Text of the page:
Research presented at the 2017 Annual Scientific Meeting of the American College of Allergy, Asthma and Immunology (ACAAI) suggests that almost half of U.S. adults with food allergies have developed their condition in adulthood.
The study, led by renown food allergy researcher Dr. Ruchi Gupta, considered a representative sample of 53,575 U.S. adults and revealed that, among adults diagnosed with a food allergy, as many as 45 percent became allergic in adulthood and did not exhibit the same symptoms as children.
Shellfish allergy is the most common type of food allergy seen in adults, making up 3.6 percent of cases – an increase from a reported prevalence rate of 2.0 percent in 2004. Prevalence of tree nut allergy has also increased, from an estimated 0.5 percent in 2008, to 1.8 percent in the current study.
As with children, the incidence of food allergies in adults is rising across all ethnic groups, yet different ethnic groups are more vulnerable to adult-onset in food allergy. Black, Hispanic, and Asian individuals are more likely to develop food allergies in adulthood than the white population, specifically for shellfish and peanuts. Asian adults were 2.1 times more likely to report a shellfish allergy than white adults, and Hispanic adults reported a peanut allergy at 2.3 times the frequency of white adults.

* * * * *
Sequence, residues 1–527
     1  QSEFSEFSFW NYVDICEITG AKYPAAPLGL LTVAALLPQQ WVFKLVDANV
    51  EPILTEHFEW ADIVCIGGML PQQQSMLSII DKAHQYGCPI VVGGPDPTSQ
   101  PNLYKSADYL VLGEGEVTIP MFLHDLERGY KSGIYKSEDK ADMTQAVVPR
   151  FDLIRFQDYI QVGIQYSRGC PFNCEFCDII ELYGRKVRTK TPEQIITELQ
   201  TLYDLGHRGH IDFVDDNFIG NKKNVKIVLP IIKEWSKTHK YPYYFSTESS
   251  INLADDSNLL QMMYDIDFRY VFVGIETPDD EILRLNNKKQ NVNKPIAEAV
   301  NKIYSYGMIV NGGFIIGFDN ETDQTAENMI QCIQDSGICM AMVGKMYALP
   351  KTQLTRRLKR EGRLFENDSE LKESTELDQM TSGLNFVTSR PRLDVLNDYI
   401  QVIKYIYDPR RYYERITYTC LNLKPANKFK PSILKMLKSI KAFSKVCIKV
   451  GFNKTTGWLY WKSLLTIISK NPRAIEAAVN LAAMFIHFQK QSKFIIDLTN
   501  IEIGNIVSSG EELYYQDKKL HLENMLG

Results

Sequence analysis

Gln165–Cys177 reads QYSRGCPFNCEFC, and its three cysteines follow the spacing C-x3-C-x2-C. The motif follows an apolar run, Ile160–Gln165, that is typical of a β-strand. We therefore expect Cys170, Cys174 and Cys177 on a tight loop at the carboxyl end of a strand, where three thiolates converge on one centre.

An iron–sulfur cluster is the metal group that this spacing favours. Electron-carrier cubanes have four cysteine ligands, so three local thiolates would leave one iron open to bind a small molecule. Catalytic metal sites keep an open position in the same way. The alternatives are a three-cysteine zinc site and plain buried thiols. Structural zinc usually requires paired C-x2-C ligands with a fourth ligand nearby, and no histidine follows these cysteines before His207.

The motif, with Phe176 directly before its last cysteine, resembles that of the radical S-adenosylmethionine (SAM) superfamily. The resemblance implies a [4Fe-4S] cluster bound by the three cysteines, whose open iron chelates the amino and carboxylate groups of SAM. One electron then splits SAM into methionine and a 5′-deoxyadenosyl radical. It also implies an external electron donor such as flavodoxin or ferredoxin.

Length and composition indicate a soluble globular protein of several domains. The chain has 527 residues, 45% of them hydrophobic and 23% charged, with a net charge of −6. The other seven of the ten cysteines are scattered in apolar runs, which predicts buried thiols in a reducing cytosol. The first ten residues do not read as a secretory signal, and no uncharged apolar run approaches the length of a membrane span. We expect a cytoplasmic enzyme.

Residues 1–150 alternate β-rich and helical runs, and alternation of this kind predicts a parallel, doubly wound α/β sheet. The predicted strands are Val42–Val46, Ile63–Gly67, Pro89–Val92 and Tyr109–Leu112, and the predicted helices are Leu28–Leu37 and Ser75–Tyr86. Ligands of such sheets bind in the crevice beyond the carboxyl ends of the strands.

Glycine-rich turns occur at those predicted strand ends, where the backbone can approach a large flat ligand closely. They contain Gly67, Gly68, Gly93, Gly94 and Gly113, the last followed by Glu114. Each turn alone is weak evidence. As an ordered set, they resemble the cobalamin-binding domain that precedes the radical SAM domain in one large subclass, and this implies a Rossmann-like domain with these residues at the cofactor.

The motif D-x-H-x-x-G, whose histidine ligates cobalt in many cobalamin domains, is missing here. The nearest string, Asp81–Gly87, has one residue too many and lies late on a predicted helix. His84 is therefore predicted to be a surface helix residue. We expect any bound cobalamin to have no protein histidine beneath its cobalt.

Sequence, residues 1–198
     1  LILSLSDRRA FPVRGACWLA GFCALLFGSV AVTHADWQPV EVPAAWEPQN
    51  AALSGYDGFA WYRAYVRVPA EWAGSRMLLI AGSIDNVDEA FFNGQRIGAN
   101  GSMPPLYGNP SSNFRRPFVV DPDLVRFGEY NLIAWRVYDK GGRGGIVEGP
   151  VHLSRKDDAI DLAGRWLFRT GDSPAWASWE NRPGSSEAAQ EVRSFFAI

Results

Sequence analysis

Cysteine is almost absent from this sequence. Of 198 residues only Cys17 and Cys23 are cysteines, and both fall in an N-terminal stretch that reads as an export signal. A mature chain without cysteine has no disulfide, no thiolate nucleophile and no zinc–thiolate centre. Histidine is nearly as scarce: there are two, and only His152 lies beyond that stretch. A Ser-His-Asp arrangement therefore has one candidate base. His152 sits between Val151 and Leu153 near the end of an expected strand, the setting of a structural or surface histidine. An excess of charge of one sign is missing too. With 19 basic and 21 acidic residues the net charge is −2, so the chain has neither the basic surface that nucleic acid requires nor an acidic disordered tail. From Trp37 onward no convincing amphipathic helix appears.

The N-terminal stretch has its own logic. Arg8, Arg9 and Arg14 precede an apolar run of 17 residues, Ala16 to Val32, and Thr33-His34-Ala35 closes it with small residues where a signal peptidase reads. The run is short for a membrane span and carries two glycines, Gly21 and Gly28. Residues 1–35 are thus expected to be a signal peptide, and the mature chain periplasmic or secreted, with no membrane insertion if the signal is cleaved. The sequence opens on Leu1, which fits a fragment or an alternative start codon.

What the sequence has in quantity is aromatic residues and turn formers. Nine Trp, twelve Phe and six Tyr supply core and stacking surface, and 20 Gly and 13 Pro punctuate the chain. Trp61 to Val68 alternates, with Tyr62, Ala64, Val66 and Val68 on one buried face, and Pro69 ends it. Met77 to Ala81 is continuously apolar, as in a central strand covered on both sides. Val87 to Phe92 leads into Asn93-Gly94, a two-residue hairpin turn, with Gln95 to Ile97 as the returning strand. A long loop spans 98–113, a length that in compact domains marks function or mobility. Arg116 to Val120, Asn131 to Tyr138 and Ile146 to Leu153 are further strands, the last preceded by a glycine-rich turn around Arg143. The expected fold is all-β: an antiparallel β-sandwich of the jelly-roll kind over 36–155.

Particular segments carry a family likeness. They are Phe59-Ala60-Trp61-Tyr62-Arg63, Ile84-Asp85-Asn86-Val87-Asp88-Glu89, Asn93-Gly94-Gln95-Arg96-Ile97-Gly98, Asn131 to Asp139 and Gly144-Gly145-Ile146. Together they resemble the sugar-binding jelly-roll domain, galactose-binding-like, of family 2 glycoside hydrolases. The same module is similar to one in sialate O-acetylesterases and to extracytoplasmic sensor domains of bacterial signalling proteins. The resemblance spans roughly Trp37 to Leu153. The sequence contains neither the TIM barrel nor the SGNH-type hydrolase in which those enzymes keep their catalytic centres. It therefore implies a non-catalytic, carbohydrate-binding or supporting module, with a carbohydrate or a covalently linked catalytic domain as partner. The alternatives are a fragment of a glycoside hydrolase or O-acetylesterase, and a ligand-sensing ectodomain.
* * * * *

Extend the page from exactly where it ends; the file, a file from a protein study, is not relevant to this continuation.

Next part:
Given the traditional focus on childhood food allergy risks, the study authors issued a reminder for adults to consider food allergy if they experience adverse symptoms to a food and to seek appropriate medical treatment.